Receiving Comfort from the Doctrine of Divine Impassibility

Receiving Comfort from the Doctrine of Divine Impassibility

The doctrine of divine impassibility is best illustrated by considering the problem of human passibility. This past Sunday, we looked at Acts 14. The first missionary journey included a stop in Lystra where the people thought Paul and Barnabas were gods after they witnessed the healing of a man crippled from birth. The people were prepared to offer sacrifices to Zeus (Paul) and Hermes (Barnabas) when the apostles tore their garments and declared, “Men, why are you doing these things? We also are men, of like nature with you…” It would also be accurate to replace “nature” with “passions” or “emotions” or “feelings”. Paul and Barnabas were acknowledging the inconsistency of their nature as humans. Their affections were just as fickle as the people of Lystra. Their passions could be easily manipulated. They experienced the ebbs and flows of emotional turmoil just like everyone else. As James warns, it is this nature, these passions, which lead to sin (James 4:1).

By implication, Paul and Barnabas were also suggesting that God does not have the same nature or passions or emotions or feelings as men. The doctrine of divine impassibility can be easily misunderstood, because it seems to imply that God is stoic and unsympathetic towards us. But in reality, this doctrine is the very foundation of our comfort and hope. God’s affections towards you are not dependent upon your faithfulness, but His impassibility.

Octavius Winslow captures this well,

“Oh, it is a truth as replete with comfort as with wonder, ‘Jesus Christ, the same yesterday, today, and forever.’ Beloved, cling to this Unchanging One! No ebb in the tide of your affection, nor trembling in the needle of your faith, has created, or can create, the slightest variation in His love or faithfulness. Your waywardness has not chilled it, your fickleness has not affected it, your sinfulness has not forfeited it, because He is essentially, immutably, and eternally the same. ‘Though we believe not, yet He abideth faithful; He cannot deny Himself.'”

Defining Divine Impassibility

Here’s how Todd Billings defines the doctrine of divine impassibility:

The doctrine of divine impassibility is the belief that God has no “passions”—that is, no disordered affections that could make his love ebb and flow. He delights in the goodness of creation and in obedience, has compassion for the suffering and hears their cry, grieves over the creation’s self-destructive sin, and is angry at evil, injustice, and wickedness. But the Lord who freely enters into covenantal relationships with creatures is never blindsided or manipulated by them. Instead, God loves in fullness. In this way, the doctrine of impassibility holds together two truths at once: While it is true and right to say that God loves, delights, grieves, and is jealous, there is also a fundamental difference and distinction between God’s affections and our own creaturely ones. Unlike our own emotional lives, God’s affections are never distorted through sinful, disordered passions, nor are they controlled by greater powers…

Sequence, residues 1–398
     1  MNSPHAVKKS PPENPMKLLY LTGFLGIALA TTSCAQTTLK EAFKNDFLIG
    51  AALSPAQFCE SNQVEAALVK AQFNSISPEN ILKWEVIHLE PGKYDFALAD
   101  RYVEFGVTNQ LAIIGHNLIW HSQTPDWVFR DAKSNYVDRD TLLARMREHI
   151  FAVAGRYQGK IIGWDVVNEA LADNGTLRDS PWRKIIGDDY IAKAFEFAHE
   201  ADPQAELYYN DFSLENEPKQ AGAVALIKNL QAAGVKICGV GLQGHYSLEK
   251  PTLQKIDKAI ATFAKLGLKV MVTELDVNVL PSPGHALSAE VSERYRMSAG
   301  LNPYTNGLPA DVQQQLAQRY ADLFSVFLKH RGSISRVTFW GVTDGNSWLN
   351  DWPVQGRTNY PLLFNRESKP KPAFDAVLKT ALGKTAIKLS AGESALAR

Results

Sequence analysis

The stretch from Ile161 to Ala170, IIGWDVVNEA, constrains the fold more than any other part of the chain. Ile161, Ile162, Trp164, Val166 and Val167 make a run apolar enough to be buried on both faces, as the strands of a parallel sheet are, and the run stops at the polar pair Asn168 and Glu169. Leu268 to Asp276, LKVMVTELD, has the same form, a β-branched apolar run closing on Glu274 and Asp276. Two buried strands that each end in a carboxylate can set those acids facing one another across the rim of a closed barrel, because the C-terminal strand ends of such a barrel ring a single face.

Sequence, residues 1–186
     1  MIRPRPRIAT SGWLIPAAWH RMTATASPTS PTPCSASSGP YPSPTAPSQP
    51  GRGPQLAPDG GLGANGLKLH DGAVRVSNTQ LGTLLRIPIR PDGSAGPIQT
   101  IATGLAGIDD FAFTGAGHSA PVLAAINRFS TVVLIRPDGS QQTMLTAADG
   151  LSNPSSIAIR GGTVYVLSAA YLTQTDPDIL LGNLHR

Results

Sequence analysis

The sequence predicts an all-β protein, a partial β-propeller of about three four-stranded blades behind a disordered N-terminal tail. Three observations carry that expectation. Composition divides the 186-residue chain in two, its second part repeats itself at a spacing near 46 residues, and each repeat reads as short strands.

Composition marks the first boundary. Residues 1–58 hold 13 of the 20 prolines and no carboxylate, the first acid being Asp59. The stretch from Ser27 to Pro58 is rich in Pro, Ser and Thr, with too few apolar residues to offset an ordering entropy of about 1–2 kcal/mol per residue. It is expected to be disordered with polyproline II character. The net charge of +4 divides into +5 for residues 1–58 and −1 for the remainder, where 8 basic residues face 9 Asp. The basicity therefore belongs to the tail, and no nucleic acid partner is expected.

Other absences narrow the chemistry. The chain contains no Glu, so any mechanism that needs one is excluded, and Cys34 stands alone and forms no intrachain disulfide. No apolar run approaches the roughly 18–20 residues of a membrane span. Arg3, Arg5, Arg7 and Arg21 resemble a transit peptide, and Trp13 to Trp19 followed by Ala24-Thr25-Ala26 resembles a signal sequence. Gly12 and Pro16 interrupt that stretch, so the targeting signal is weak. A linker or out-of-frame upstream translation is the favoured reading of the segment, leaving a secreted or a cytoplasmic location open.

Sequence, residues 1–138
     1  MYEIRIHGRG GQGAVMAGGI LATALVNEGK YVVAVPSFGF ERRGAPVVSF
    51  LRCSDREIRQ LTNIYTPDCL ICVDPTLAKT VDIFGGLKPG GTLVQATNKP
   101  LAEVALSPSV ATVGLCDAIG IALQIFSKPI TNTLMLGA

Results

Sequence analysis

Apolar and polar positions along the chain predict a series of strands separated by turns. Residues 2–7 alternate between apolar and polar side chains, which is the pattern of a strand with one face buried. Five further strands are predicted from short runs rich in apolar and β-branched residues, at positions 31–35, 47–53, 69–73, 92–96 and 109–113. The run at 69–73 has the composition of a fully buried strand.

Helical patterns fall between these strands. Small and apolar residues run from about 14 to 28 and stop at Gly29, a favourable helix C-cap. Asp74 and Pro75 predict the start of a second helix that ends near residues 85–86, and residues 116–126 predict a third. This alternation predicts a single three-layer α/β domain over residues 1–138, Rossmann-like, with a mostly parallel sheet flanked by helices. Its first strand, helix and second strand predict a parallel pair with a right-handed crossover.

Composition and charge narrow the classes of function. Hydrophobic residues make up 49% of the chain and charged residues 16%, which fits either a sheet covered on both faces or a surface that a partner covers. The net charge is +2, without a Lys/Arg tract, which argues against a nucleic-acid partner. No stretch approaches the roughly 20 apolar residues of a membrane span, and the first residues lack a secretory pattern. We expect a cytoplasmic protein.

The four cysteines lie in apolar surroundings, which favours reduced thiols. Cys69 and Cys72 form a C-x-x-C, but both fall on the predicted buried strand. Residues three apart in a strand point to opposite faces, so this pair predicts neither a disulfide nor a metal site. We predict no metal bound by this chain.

Comfort From Divine Impassibility

And here’s the practical benefits of believing and understanding this doctrine. Billings enjoyed tremendous comfort from the impassible love of God in the midst of receiving chemotherapy.

In the hospital, I didn’t need just solidarity in my suffering. I needed to know that God’s covenant love is so steady and powerful that, in Christ, suffering and death lose their dominion over my life. This God does not need suffering and death in order to be God; instead, in the love that accords perfectly with his covenantal promises, God becomes incarnate as the Pioneer, our Brother, the great High Priest who in his humanity is able to “sympathize with our weaknesses” (Heb. 4:15). This is not “a deep division in God himself.” This is steadfast, trustworthy love.

In the dark time of my cancer treatment and recovery, I rediscovered the importance of Paul’s prayer for the Ephesians: that we “may have the power to comprehend” the “breadth and length and height and depth” (3:18) of Christ’s love. God’s love is not as frail as our love. It “surpasses knowledge.” God’s is a covenant love that the Psalmist trusts in the midst of his anxiety, joy, anger, and misery. It is the steadiness of God’s love that allows us to approach him amid the unsteadiness of our anguish and frailty.

Be sure to read the whole article, Undying Love by Todd Billings.